String art is deceptively complex. It seems pretty simple: it is just thread wrapped around posts (usually nails) that makes a pattern, such as text, a shape, or an image. But the math behind making a string art image is extremely advanced, because the accuracy of the image comes from the density of overlapping strings and their angles. A talented artist can do that by hand, filling in areas as they go along. But building a machine to produce string art is a massive challenge, as demonstrated by Paul MH.
In this video, Paul walks viewers through his journey to develop a string art machine from scratch. That came with numerous hurdles to clear and the mechanism to insert nails is a perfect example. The machine itself is Cartesian, with linear X and Y axes very similar to a CNC router. It operates under the control of a RAMPS 1.4 board, which is common for machines of this style. But grabbing nails and sliding them into the picture's base (foam board) was not a trivial task.
Paul initially developed a mechanism similar to what you'd see on a nail gun, with a hopper on the moving machine head that fed nails to an end effector. But that was unreliable and also required the machine to carry around the full weight of all the nails, which could number in the hundreds. That weight made the machine slow, so Paul devised another remote mechanism to feed nails for the end effector to pick up. That was still unreliable, so it required a webcam with a neural network that visually checks to see if a nail is present.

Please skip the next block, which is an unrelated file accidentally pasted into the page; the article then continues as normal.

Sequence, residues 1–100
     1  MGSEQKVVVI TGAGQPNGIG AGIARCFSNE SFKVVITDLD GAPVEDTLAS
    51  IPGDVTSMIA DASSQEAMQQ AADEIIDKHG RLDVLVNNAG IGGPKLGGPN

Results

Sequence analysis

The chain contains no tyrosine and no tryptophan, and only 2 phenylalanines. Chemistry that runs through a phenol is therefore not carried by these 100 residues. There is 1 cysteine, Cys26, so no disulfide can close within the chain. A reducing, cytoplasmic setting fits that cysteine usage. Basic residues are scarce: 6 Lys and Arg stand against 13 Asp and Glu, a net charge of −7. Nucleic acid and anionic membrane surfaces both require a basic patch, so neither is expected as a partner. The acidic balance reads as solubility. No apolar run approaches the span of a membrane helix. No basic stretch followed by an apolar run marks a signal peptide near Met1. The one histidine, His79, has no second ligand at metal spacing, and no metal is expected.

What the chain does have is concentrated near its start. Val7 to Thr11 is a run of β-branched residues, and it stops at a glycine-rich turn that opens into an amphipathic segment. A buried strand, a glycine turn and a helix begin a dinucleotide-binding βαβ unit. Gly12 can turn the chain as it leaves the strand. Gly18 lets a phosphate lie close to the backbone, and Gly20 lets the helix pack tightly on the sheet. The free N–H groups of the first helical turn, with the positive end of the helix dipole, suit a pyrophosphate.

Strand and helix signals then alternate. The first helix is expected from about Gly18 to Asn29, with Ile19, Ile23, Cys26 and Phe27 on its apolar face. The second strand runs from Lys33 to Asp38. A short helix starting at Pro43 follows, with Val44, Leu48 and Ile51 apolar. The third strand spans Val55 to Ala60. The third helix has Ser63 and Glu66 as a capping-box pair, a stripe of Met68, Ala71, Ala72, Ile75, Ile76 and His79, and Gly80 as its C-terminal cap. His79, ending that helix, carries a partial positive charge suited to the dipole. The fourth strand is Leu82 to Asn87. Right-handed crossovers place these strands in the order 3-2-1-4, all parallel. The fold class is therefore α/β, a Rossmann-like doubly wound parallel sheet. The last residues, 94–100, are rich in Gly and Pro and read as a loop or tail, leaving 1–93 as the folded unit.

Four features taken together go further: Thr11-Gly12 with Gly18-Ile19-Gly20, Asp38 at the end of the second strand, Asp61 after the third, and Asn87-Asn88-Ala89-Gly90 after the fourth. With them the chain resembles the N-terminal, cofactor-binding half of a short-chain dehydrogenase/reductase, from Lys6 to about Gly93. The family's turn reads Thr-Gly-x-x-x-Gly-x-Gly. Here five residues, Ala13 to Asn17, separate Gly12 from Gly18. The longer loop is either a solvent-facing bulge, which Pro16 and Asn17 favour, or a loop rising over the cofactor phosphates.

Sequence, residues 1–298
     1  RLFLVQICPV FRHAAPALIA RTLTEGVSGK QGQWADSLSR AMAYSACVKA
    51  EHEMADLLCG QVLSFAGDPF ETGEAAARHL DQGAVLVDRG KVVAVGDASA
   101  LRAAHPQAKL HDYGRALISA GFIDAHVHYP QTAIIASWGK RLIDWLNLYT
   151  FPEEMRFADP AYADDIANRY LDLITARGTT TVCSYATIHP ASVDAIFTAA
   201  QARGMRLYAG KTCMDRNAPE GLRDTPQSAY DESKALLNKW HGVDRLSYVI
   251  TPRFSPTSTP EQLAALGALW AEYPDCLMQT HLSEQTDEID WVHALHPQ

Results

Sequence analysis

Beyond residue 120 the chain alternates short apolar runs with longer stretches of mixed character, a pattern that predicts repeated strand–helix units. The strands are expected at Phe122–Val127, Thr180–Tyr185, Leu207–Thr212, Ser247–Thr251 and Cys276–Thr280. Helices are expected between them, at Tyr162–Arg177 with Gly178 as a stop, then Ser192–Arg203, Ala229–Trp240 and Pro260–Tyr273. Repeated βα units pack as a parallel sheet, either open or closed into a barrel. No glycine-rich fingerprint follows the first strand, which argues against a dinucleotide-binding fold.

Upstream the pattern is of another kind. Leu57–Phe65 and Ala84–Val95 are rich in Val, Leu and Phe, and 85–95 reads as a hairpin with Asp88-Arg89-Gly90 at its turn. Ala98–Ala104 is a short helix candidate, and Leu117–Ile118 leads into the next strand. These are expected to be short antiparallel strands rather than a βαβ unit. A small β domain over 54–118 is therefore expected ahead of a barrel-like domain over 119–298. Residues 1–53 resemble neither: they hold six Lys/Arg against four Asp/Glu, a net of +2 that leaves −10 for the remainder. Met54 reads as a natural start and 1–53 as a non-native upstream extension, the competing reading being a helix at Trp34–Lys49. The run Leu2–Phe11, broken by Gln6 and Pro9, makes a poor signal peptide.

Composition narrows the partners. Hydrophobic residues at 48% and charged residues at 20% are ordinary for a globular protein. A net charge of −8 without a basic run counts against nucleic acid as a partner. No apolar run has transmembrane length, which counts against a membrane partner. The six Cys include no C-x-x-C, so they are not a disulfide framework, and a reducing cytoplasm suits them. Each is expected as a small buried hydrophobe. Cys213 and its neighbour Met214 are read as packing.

This machine also required a way to feed thread, which was actually the easiest part of the project. The thread comes off the spool through a PTFE tube out of a "nozzle" on the end effector. After attaching the thread to the first nail, the tension is enough to keep unspooling the thread as necessary.
The software was Paul's most impressive feat. Using the dark magic that is mathematics, it takes a photo as input and calculates the thread paths that would create the best visual approximation. It is a little bit like dithering a monochrome picture, but far more complicated. The software then generates g-code for the machine to follow so that it can wrap thread around the nails in the proper order while avoiding collisions.
We're only scratching the surface of the work that went into this machine, so be sure to watch the full video to see how Paul made this all come together.